The Path to Healthy Eating for Preschoolers

Start your preschooler on the path to healthy eating with these basic strategies:

1. Be a good role model. Plan, prepare and enjoy regular family meals based on nutrient-rich food group foods like Milk + Milk Products, Vegetables, Fruits, Grains and Meat + Beans. Your child watches what you eat, so make sure you’re a good example of healthy choices yourself!

2. Establish routines. When it comes to mealtimes and snacks, consistency makes young children feel secure. Be sure to allow children enough time at the table—aim for 20 minutes. And try to create a calm and nurturing setting…your child can’t focus on eating with multiple distractions (e.g., television).

3. Relax. Don’t force, cajole, persuade or trick your preschooler to try to get him or her to eat—that creates a battleground where no one wins. You may have to offer a food 10 to 15 times before it’s accepted. Try to add just one new food to a meal with three or so healthy foods your child already enjoys. Eventually your child will begin to accept new foods—don’t give up.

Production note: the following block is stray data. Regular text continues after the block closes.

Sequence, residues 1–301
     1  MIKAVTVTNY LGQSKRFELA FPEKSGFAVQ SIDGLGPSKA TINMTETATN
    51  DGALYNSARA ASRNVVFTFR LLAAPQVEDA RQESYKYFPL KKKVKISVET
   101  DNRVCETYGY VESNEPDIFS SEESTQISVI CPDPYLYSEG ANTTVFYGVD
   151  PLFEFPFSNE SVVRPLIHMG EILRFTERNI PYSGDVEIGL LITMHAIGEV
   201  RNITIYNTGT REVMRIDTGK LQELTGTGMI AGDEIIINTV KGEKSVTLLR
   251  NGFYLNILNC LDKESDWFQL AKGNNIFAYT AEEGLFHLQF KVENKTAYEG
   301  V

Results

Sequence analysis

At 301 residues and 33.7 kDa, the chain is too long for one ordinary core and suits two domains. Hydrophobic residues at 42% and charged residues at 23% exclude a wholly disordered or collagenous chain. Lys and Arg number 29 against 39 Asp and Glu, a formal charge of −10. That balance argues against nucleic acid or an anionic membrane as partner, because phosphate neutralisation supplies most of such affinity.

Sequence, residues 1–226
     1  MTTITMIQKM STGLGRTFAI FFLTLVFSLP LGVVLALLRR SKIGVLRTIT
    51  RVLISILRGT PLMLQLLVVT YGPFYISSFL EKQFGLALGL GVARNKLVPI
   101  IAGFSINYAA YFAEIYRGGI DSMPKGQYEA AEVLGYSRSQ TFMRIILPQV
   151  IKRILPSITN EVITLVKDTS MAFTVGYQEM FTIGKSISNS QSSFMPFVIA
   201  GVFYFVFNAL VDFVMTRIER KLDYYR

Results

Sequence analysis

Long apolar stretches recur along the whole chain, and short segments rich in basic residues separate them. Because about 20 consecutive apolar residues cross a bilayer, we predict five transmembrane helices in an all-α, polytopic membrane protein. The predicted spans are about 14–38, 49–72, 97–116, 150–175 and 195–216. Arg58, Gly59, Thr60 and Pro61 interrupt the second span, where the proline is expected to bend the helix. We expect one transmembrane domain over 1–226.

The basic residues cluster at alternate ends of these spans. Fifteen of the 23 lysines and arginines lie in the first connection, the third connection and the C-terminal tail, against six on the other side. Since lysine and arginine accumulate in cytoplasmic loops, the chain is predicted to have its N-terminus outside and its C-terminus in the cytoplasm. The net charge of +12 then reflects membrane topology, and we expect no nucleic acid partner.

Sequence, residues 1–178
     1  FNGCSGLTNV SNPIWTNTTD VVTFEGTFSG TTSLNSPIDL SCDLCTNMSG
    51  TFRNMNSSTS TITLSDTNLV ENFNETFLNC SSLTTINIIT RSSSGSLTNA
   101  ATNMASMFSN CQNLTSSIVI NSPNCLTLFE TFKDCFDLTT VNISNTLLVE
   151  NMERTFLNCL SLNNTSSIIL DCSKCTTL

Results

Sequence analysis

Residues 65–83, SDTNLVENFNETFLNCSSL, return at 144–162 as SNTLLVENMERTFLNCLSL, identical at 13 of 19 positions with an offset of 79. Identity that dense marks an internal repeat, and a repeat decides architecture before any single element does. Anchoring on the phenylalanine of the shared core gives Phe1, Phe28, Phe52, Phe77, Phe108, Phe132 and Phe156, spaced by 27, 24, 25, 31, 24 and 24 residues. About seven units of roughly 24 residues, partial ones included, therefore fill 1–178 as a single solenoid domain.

4. Watch for signals. If your child starts to play with their food, they are probably full and finished eating. Offer him or her nutritious food and do not let them fill up on junk food, they will naturally regulate the amount they eat. Simpler foods are usually preferred. And make sure the temperature and texture of the food you offer is easily handled by your child.

5. Divide the responsibility. Both you and your child have choices to make when it comes to eating. You determine what foods are served and when. He or she should decide which of those healthy foods offered he will eat and how much. Don’t be concerned if your child doesn't finish all of the food you offer at any one meal or snack. Over several meals, his or her intake will likely be enough. Read more on division of responsibility.

Preschooler Drinking Milk6. Offer healthy snacks. Young children have small stomachs. They need to eat less, and more often. Regularly scheduled healthy snacks are like "mini-meals". They can provide up to one-quarter of the nutrients your child needs each day as well as enough calories (energy) to sustain them through a busy day of school and/or play. Try to combine foods from at least two food groups that partner protein and carbohydrates sources. Peanut butter and whole-grain crackers or fresh fruit chunks mixed into low-fat yogurt make great snacks with staying power.

7. Make physical activity a part of your family's health routine. Children should be active at play for at least one to two hours each day. Consider options like a simple outing to the park to play or more organized classes or age-appropriate sports. And don’t forget to limit TV time for young children…that’s a healthy habit you’ll want to establish early!

For more ideas, print Start Your Preschooler on the Path of Healthy Eating.